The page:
“You have spoken the truth, I can see it in the clarity of your voice and the innocence in your eyes,” he said. “I’ll see that you’re released today but before I go, there’s something else I would like to hear from you…”

Addama smiled for the first time since the incident had happened, her eyes showing gratitude to the man who was going to set her free. “I’ll answer whatever questions you ask me,” she said.

“Why did you leave Mexico and how was it that you quit there both your old habits and your money?” His words let her know that his curiosity was a genuine one, out of concern and not coming from a morbid interest. So that, she narrated him her own story:

“After that rich merchant took me from Nigeria to Mexico, promising me he would make sure that I would live there as a queen, what it actually happened was that he sold me as cheap labour to one of his comrades that had established his business there. A sweatshop was my ‘home’ for 100 days and 100 nights, working 20 hours a day, sleeping on the floor, eating only once a day their putrid food, it was the same everyday until the authorities discovered his underground operation and closed his business down.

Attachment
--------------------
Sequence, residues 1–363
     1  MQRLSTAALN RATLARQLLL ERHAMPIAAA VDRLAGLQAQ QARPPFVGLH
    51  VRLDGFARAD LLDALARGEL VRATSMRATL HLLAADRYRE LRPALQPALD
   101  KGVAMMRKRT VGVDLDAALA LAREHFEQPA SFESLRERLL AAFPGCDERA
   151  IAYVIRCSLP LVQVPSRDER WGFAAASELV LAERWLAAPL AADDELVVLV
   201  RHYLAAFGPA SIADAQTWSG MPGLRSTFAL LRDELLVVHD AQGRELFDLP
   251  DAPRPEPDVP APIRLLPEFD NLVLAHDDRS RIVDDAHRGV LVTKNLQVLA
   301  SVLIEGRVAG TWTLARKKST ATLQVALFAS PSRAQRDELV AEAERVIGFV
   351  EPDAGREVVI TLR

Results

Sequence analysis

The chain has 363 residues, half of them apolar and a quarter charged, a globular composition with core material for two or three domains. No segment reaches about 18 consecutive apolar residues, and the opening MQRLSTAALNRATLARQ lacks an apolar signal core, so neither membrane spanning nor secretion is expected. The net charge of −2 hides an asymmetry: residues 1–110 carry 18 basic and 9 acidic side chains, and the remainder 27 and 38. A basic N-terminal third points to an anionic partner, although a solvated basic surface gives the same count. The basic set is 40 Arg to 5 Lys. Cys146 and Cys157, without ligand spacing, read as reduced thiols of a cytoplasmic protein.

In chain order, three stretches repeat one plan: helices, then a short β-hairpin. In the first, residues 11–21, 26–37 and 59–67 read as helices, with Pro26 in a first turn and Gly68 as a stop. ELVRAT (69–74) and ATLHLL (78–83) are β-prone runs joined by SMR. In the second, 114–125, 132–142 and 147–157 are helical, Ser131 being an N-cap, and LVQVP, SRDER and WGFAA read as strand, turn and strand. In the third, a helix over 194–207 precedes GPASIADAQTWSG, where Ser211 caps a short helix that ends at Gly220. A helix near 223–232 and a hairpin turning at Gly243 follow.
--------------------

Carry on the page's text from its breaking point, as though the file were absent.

“Many people were arrested that day, many others, like me, we had no papers so we were sent back to our countries. The little money and property I had left here in Nigeria, all as a result of my glorious days, helped me go through until I settle down here, in Williams Island, the rest of my jewels, richness and dreams were taken away by those men who enchanted me with their false promises.”